Russia's Top 5 Myths About NATO
Russia has a long and chequered history with NATO.
Throughout Russian society and government, a tangible uneasiness is present.
This is largely due to many myths about the organisation founded in 1949.
Here you may read what NATO itself tells about Russia’s top 5 myths about the alliance:
- Relations started after the end of the Cold War, when Russia joined the North Atlantic Cooperation Council (1991) and the Partnership for Peace programme (1994).
- The 1997 NATO-Russia Founding Act provided the formal basis for relations.
- Dialogue and cooperation were strengthened in 2002 with the establishment of the NATO-Russia Council (NRC) to serve as a forum for consultation on current security issues and to direct practical cooperation in a wide range of areas.
- Russia’s disproportionate military action in Georgia in August 2008 led to the suspension of formal meetings of the NRC and cooperation in some areas, until spring 2009. The Allies continue to call on Russia to reverse its recognition of the Georgian regions of Abkhazia and South Ossetia as independent states.
- All practical civilian and military cooperation under the NRC with Russia was suspended in April 2014 in response to the Russia-Ukraine conflict.
- At the Wales Summit in September 2014, NATO leaders condemned Russia’s military intervention in Ukraine and demanded that Russia comply with international law and its international obligations and responsibilities; end its illegal and illegitimate occupation and ‘annexation’ of Crimea; refrain from aggressive actions against Ukraine; withdraw its troops; halt the flow of weapons, equipment, people and money across the border to the separatists; and stop fomenting tension along and across the Ukrainian border.
- NATO is also concerned about Russia’s increasing military activities along NATO’s borders, which continues to make the Euro-Atlantic security environment less stable and predictable.
- The NRC has met on 20 April 2016 and 13 July 2016 to discuss the crisis in and around Ukraine; issues related to military activities, transparency and risk reduction, and to assess the security situation in Afghanistan.
NATO has outlived its purpose after the Cold War.
NATO has helped to create and preserve stability in Europe for decades. After the Cold War and the collapse of the Soviet empire, there was new optimism in Europe, and former adversaries banded together to create NATO and the EU, while Russia became a partner.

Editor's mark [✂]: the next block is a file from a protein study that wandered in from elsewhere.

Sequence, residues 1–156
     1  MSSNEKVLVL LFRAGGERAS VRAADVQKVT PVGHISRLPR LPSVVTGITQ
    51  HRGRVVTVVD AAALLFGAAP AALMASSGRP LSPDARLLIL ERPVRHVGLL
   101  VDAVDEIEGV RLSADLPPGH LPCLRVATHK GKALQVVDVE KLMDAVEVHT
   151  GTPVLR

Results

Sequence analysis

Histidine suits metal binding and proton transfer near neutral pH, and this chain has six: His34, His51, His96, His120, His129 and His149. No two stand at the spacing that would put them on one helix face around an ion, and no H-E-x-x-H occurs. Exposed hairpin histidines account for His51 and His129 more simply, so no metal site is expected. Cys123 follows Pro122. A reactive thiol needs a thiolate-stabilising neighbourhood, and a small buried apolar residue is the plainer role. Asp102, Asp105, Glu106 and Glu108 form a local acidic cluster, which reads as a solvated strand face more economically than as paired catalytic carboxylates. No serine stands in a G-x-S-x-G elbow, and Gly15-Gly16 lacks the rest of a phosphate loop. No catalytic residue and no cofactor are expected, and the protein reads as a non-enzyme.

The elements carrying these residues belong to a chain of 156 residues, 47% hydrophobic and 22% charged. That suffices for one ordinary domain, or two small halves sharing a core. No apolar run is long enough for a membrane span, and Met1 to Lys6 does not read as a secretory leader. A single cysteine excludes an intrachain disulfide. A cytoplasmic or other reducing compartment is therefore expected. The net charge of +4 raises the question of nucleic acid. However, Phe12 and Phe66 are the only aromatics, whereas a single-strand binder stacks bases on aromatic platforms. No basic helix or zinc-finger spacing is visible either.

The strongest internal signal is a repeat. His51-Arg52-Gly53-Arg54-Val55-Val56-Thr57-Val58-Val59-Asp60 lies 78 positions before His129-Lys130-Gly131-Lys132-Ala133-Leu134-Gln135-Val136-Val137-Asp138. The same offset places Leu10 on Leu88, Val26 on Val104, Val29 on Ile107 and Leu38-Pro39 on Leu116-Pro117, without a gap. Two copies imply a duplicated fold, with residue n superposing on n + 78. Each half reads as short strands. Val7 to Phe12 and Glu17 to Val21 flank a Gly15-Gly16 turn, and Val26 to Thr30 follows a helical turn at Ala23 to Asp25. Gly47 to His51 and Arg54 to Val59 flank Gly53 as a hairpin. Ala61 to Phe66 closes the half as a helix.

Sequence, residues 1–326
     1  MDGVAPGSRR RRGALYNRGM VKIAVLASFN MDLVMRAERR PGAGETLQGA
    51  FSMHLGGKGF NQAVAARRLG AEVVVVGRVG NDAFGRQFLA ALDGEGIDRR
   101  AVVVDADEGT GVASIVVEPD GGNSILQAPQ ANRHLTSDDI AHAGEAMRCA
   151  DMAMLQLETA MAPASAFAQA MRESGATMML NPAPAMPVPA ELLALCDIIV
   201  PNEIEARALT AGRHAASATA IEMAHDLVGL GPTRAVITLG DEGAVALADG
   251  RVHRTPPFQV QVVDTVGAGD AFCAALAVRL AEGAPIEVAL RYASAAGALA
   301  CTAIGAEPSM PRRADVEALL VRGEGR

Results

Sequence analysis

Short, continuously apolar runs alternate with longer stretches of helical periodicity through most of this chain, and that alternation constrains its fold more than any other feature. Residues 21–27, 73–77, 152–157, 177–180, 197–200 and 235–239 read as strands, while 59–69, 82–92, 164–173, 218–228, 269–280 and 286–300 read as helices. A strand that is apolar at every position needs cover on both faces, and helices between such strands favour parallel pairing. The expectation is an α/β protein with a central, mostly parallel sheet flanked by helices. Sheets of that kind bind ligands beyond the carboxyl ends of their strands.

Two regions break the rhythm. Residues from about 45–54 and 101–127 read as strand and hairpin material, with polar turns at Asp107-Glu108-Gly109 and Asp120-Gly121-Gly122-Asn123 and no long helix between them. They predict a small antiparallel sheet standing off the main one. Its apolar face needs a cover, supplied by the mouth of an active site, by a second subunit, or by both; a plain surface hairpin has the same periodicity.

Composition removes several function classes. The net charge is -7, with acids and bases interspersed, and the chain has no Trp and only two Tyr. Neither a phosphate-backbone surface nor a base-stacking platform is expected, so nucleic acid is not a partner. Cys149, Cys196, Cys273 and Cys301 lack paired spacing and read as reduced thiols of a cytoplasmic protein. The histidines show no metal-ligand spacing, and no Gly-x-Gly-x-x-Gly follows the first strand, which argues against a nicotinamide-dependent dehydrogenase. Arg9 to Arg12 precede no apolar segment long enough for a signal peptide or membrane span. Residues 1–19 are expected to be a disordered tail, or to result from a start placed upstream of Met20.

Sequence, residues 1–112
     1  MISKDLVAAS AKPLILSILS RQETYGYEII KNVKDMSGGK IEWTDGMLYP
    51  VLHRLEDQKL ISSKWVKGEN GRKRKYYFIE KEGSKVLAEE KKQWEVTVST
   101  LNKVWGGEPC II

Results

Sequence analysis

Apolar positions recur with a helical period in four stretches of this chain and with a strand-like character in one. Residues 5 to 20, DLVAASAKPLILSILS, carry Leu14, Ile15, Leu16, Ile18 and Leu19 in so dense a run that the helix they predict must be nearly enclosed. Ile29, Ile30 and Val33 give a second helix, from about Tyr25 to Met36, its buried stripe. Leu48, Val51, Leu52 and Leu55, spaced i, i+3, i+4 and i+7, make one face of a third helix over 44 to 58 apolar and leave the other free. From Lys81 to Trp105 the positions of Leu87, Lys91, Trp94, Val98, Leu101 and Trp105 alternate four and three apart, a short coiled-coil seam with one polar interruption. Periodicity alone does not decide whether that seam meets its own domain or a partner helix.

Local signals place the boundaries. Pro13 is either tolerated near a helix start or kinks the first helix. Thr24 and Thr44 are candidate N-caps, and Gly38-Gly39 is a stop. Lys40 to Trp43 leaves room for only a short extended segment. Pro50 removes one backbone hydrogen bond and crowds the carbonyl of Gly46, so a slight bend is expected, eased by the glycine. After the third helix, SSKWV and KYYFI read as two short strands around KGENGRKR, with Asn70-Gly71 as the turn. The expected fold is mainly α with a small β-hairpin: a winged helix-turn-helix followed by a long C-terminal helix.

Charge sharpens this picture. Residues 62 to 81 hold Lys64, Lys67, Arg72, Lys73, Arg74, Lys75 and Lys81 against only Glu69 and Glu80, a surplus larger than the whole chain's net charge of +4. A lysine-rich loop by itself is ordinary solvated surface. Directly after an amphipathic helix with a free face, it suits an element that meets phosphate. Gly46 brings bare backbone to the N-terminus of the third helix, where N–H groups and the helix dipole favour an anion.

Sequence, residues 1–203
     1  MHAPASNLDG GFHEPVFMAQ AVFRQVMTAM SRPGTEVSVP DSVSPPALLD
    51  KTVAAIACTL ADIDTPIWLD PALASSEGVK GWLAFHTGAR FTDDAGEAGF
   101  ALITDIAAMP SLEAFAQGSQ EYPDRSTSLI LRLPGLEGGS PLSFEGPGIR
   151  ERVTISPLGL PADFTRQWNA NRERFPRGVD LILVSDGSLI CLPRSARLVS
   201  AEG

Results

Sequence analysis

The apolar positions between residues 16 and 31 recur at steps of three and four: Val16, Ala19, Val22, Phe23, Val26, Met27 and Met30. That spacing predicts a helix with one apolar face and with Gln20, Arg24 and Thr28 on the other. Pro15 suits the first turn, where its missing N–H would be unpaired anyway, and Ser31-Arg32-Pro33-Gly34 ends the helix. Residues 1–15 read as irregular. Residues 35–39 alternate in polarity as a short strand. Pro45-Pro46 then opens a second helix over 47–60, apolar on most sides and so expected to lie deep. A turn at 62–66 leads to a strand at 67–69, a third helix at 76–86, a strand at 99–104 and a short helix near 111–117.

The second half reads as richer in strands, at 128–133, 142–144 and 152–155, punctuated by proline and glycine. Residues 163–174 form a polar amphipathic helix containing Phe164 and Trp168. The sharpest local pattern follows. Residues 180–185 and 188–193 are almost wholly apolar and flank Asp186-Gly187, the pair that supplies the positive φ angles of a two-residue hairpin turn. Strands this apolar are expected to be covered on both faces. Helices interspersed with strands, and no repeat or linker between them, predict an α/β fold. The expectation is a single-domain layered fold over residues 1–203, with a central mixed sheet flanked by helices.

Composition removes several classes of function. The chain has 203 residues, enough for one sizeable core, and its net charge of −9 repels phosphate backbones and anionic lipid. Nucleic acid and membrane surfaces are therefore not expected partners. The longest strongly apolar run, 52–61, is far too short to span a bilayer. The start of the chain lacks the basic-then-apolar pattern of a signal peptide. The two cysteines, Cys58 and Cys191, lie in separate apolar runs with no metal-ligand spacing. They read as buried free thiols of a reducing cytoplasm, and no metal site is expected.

NATO’s mission evolved, not only maintaining it’s collective defence, but stepping up to manage conflicts further afield such as in the Balkans or Afghanistan.
The world is a more dangerous place today than it has been in decades, for many partners, that’s a reason to seek NATO membership.
NATO is encircling Russia
This myth bypasses simple geographic logic. The land border of Russia is over 20,000 kilometres long. Of that, less than one-sixteenth (1,215km) is with NATO members. 14 countries share land borders with Russia, and only five of those are NATO members.
NATO has a military presence in three places outside the alliance, Kosovo, Afghanistan and off the Horn of Africa, with all operations carried out with a UN mandate. Conversely, Russia has military bases and soldiers in Georgia, Moldova and Ukraine, all without the consent of their own governments.
NATO has violated the NATO-Russia Founding Act
By signing the NATO-Russia Founding Act, Russia pledged not to threaten or use force against NATO Allies and any other state. It has broken this commitment with its annexation of Crimea, and its continued support of militants in eastern Ukraine.
NATO, on the other hand, when deploying battalions to the east of the Alliance, they agreed they would be rotational and below any reasonable definition of “substantial combat forces”.
NATO missile defense targets Russia
NATO’s missile defence system is not directed against Russia. Geography and physics make it impossible for the NATO system to shoot down Russian intercontinental missiles. Their capabilities are too limited, their planned numbers too few and their locations too far south to do so.
NATO is preparing for war with Russia
NATO is a defensive alliance, with the purpose of protecting member states. They do not outwardly seek confrontation or war. All military exercises are announced well in advance and are subject to international observation. The plans for more forces in the Baltic States and Poland are in response to the changing environment after the illegal annexation of Crimea.